To summarize: First of all, it is here claimed that the term "methodological individualism" describes a mode of scientific procedure which naturally leads to no misconception of economic phenomena. (18) It is further chimed that in a non-communistic state no reality corresponds to the concept of social values and social wants properly so called. It has been shown, on the other hand, that this concept has its great merits. By its help the great fact has been pointed out that society forms individuals and directly influences their economic value, so as to give them a remote approach to similarity. Further, it has been shown that the concept of social value is indispensable in the study of a communistic society. But its importance does not stop here. For some purposes it is most useful to introduce it, by way of a scientific fiction, in the study of non-communistic society. In this case, however, the theory of social value cannot be accepted as a fully satisfactory statement of facts. It is never true, moreover, that in this case social industry yields the same results as if society itself were directing it. No conclusions as to the justification of the competitive régime can be drawn from this theory, and, on the other hand, it does not enable us fully to explain distribution without the theory of prices. The present way of testing economic phenomena emerges justified out of our discussion. It is — in the respect investigated here — a fair picture of facts, and does not, so far, need reform. Whatever may be said against it, there seems to be far more in its favor.
1. Jevons, Walras, and others.
2. Especially Professor J. B. Clark, whom the writer desires especially to thank for his kindness in revising this manuscript. It is interesting to note that Professor v. Wieser's "natural value" is a kind of "social value," too. Much less importance than to either of these attaches to Stolzmann (Die soziale Kategorie, 1896).
3. For instance. social capital, national dividend, national income. Volksvermögen, richesse sociale. They were mostly used by Adam Smith and have been carefully discussed often since. Marshall, Held, A. Wagner, among others, have paid special attention to them. CA also R. Meyer, Wesen des Einkommens.
4. In case there should be any doubt about this point of our argument, cf. Marshall's Principles, which can be taken as typical.
5. Cf. W. S. Jevons's theory. These curves are what Professor v. Wieser calls Nütslichkeitsskalen.
6. The reader will observe that here and elsewhere Dr. Schumpeter uses the word "price" in the manner of the German Preis, — substantially in the sense of value-in-exchange. Editors.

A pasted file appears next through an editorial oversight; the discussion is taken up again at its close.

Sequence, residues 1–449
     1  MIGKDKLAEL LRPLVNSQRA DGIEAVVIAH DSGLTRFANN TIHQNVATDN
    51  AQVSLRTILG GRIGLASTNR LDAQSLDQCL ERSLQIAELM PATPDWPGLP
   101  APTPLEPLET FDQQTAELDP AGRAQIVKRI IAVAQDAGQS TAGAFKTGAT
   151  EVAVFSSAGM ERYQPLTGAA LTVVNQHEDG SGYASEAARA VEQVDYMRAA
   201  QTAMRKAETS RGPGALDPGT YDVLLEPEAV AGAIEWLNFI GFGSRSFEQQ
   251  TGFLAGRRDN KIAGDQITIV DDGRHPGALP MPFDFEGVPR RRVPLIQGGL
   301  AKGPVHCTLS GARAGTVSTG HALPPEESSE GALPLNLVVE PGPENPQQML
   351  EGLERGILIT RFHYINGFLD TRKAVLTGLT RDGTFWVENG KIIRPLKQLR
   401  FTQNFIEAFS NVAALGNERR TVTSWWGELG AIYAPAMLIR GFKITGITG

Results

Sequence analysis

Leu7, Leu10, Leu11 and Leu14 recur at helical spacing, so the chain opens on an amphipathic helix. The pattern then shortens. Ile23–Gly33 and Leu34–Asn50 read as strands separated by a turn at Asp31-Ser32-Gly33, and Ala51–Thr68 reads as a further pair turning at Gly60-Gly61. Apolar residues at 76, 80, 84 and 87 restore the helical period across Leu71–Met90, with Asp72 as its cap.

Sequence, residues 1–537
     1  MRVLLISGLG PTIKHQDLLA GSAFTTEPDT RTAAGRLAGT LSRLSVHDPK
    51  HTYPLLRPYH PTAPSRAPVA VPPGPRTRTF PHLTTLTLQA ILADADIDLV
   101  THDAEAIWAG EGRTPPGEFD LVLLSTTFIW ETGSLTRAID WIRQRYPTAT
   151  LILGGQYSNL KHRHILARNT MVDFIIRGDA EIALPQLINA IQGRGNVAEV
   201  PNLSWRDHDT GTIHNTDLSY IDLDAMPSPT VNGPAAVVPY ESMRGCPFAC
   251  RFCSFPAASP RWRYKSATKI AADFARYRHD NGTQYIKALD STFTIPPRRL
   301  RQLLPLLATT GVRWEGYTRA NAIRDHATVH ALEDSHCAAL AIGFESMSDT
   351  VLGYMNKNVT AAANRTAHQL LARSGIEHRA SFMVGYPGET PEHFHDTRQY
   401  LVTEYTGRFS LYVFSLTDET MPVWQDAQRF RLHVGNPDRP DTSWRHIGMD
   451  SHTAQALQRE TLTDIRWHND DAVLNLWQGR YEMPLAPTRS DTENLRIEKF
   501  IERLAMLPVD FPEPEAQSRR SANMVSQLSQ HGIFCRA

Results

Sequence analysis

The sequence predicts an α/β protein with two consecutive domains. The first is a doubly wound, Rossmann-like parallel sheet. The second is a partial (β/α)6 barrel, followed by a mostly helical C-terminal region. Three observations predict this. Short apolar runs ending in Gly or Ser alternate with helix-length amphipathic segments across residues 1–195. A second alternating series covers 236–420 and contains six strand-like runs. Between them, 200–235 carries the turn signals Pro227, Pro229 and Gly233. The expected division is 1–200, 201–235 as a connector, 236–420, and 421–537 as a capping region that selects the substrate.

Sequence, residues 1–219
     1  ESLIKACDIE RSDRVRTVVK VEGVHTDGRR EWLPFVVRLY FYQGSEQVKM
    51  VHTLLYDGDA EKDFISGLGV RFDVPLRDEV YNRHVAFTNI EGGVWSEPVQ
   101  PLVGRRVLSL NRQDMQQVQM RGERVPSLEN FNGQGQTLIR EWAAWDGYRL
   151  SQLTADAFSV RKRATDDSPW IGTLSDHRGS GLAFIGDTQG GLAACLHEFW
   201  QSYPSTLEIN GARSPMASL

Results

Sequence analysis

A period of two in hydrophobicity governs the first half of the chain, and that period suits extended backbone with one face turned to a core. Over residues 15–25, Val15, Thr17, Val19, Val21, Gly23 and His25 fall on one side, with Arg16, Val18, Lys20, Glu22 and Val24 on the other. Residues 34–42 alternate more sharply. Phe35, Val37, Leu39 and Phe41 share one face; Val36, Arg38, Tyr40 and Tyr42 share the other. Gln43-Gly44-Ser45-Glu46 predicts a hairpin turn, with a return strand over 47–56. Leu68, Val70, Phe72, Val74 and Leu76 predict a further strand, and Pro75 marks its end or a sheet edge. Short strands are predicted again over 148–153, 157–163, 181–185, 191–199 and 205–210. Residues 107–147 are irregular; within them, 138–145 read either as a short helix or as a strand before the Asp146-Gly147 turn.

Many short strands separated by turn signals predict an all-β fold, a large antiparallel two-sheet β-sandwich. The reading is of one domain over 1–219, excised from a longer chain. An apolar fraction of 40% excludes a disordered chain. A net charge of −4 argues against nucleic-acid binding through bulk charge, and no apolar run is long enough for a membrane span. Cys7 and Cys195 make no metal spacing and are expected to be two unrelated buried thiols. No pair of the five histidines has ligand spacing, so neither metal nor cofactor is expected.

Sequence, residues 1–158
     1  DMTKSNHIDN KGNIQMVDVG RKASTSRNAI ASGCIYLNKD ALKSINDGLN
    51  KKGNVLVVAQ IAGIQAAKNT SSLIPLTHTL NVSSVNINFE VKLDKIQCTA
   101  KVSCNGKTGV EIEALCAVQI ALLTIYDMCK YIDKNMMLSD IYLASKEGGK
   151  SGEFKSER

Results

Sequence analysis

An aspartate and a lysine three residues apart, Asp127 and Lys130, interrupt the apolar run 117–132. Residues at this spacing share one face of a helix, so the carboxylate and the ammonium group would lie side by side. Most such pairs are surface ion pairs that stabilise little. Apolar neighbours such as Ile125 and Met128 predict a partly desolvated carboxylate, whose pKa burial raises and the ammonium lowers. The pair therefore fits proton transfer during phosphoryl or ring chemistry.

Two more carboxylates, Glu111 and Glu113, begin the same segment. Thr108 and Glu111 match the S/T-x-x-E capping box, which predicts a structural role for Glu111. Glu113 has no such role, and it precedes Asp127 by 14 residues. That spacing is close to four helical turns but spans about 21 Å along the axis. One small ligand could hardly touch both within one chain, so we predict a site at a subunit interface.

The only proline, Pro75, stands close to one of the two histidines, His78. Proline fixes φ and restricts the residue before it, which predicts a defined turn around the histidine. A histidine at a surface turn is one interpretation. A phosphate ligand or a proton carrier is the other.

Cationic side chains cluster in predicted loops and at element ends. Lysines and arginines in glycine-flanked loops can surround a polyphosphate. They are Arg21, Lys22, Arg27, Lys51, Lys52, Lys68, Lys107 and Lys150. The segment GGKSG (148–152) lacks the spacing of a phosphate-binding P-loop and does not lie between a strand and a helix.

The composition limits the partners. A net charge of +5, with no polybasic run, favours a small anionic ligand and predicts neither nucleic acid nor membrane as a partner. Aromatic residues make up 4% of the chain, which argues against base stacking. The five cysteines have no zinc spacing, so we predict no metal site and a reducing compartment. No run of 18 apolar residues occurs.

7. The principle upon which our general demand curves are constructed is this: their abscissas represent quantities demanded in a market, and the ordinates equilibrium prices corresponding to those quantities. These equilibrium prices are given by the individualistic theory of prices, and the curves which describe them are different from what we should call social demand curves or curves of a communistic society. The expressions "general curves" and "social curves" ought to be kept distinct.
8. Cf. Professor J. B. Clark's Essentials of Economic Theory,
9. This metaphor is very often used, especially by Marshall
10. Cf. professor Seligman's Principles, p. 179 seq. The present writer agrees entirely with most of his statements. This paper analyzes our concept more with a view to what can be expected from it in future than to a criticism of its present uses.
11. "Tauschwert ist gesellsehaftlicher gebrauehswert." Cf. Rodbertus, "Zur Erkenntnis unserer staatswirtschaftlicher Zustande," passim.
12. Cf. Seligman, loc. cit.
l3. A most interesting assumption would be that, at a given time and in a given place, individual utility curves for each commodity do not differ very much from each other. To-day we do not assume anything of this sort, but fashion, imitation, etc., might support such an hypothesis, the importance of which it is needless to emphasize.
14. This has been tried, without however meeting approval, by W. Launhardt.
15. Seligman, pp. 180, 182.
16. I know not of any followers of v. Wieser in the respect under discussion.
17. The reader who is interested in Professor Carver's views should compare with this statement his own interpretation of the social bearing of the theory under discussion. See this Journal, vol, xv. p. 579. Editor.
18. This point is more fully elaborated in the present writer's recently published book, Wesen und Hauptinhalt der theoretischen Nationalökonomie (1908).